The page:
Shed Skin: Another Way To Compile Python Code
Written by Michael Larabel in Free Software on 4 July 2011 at 10:40 AM EDT. 2 Comments
Last week on Phoronix I wrote about Gccpy, which is an effort as part of Google's Summer of Code to develop a Python front-end to GCC that would allow compiling Python into native system binaries using the GNU Compiler Collection. This was of interest to many readers and the developer behind Gccpy, had commented in more detail in the forums. Following that news article I received an email regarding another Python compiler effort.

Mark Dufour wrote in to say that for the last eight years he's been working on a similar effort to compile Python code. Mark developed Shed Skin, which is an experimental Python-to-C++ compiler.

Shed Skin is capable of translating pure statically-typed Python (versions 2.4 through 2.7) code into optimized C++. Shed Skin can generate stand-alone programs or Python extension modules to be used by other Python programs, it's a bit similar to Facebook's HipHop for translating PHP code into highly optimized C++ code. Not only does the Python code need to be statically typed, but it isn't able to take advantage of the Python standard library nor other features like nested functions. Regardless, in tests conducted by the author, Shed Skin was found to be between two and 200 times faster than CPython. Some of the Shed Skin benchmarks are available via GitHub.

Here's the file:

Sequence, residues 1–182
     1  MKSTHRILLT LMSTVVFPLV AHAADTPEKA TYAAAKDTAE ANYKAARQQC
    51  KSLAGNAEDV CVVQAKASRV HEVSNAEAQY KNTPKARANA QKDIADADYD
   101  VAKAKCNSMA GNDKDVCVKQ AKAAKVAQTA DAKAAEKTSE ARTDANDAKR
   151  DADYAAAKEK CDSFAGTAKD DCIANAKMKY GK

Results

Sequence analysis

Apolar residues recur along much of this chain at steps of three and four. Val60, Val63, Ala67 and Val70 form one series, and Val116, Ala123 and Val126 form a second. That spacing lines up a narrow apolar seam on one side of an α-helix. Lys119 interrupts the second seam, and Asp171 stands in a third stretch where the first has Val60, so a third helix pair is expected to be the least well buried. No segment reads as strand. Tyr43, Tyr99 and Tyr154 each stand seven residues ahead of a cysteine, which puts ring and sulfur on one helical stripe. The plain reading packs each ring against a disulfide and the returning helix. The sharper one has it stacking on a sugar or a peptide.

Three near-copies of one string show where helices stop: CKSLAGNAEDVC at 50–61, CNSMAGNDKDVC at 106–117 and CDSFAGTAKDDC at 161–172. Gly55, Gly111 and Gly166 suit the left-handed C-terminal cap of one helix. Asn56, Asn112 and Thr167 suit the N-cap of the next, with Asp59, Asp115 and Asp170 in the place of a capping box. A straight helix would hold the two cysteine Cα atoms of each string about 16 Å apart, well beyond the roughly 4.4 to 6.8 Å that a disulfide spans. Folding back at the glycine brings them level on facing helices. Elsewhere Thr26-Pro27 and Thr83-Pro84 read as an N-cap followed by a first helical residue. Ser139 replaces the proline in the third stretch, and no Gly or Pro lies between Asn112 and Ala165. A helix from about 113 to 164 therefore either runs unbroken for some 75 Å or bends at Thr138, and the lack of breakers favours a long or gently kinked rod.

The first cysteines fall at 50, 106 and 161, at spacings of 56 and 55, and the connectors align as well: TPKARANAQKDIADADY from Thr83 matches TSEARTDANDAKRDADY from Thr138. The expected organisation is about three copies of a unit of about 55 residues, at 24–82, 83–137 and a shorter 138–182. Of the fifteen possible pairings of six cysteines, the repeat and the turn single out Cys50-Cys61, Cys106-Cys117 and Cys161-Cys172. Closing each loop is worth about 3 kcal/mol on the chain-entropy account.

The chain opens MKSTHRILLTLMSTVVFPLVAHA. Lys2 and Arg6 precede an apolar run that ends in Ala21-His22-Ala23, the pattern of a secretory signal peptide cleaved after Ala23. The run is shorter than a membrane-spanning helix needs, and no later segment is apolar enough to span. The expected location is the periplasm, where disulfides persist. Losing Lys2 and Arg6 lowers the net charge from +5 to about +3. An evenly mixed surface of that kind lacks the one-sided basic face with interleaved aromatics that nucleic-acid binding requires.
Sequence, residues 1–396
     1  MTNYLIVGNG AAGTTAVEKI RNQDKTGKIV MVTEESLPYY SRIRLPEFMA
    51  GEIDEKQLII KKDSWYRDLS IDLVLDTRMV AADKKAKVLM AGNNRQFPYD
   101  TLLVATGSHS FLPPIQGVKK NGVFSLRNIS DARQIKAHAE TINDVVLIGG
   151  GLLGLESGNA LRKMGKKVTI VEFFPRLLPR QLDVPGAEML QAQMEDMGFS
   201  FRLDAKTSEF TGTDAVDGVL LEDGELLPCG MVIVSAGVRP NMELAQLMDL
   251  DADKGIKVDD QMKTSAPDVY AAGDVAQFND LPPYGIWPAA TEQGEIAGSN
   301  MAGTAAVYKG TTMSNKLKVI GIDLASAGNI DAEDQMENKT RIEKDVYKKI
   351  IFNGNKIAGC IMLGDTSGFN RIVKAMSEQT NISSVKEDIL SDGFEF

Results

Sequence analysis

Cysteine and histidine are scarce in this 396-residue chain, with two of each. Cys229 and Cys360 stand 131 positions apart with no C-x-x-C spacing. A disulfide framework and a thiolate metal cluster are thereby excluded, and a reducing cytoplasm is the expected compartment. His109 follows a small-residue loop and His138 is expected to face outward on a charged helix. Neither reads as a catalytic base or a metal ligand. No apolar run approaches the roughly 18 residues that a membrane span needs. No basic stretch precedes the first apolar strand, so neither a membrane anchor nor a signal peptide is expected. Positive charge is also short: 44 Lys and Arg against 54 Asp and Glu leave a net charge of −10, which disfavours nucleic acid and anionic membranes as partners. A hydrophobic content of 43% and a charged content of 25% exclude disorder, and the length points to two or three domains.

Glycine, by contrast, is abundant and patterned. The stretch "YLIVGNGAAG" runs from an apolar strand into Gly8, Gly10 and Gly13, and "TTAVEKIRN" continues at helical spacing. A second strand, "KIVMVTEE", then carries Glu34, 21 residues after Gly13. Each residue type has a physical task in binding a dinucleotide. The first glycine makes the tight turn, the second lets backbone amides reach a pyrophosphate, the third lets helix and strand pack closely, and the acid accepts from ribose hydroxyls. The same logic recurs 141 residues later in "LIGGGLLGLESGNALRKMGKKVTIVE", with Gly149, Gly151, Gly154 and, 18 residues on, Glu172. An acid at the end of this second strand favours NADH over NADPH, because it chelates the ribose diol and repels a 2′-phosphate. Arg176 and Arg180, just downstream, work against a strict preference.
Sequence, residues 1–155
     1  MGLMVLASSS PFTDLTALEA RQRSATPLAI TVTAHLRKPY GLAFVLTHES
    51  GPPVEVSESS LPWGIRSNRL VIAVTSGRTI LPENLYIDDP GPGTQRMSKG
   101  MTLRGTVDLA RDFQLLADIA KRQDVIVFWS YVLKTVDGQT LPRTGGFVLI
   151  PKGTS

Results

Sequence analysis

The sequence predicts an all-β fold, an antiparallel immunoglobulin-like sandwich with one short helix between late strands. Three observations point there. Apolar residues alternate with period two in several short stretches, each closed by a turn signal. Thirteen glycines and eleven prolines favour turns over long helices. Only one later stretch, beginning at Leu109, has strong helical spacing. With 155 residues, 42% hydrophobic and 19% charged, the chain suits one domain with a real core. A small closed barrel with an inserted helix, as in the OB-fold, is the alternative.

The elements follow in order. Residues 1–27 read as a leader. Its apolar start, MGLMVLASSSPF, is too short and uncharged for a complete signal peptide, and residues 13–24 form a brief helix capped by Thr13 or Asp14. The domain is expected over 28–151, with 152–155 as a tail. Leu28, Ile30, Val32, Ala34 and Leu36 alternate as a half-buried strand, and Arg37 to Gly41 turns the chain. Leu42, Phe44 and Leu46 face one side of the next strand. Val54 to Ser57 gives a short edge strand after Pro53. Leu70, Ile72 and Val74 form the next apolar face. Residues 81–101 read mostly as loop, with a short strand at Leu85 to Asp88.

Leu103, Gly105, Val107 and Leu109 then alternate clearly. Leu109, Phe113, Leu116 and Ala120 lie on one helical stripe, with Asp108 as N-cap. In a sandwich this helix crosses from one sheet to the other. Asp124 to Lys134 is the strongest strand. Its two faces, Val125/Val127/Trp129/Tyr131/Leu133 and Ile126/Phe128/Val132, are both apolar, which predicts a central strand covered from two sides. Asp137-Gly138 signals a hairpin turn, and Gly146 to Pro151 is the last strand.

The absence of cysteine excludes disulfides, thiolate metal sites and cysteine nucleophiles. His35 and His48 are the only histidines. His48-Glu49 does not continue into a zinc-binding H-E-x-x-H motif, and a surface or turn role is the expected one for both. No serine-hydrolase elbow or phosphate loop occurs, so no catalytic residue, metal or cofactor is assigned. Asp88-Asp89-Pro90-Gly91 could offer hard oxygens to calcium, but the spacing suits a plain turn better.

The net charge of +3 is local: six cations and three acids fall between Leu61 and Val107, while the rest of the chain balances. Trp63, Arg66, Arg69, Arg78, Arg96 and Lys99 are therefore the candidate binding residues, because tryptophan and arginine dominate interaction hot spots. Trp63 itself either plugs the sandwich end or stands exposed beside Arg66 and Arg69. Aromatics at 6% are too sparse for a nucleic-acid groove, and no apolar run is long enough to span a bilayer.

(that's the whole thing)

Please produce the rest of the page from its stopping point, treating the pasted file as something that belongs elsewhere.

Like Gccpy, Shed Skin was also originally sponsored by Google with their GSoC project in their first year.

For those interested in Shed Skin for translating Python code to C++ that can then be compiled, visit the Google Code page. Shed Skin 0.8 was also released last month.

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Michael Larabel is the principal author of and founded the site in 2004 with a focus on enriching the Linux hardware experience. Michael has written more than 10,000 articles covering the state of Linux hardware support, Linux performance, graphics drivers, and other topics. Michael is also the lead developer of the Phoronix Test Suite, Phoromatic, and automated benchmarking software. He can be followed via Twitter or contacted via

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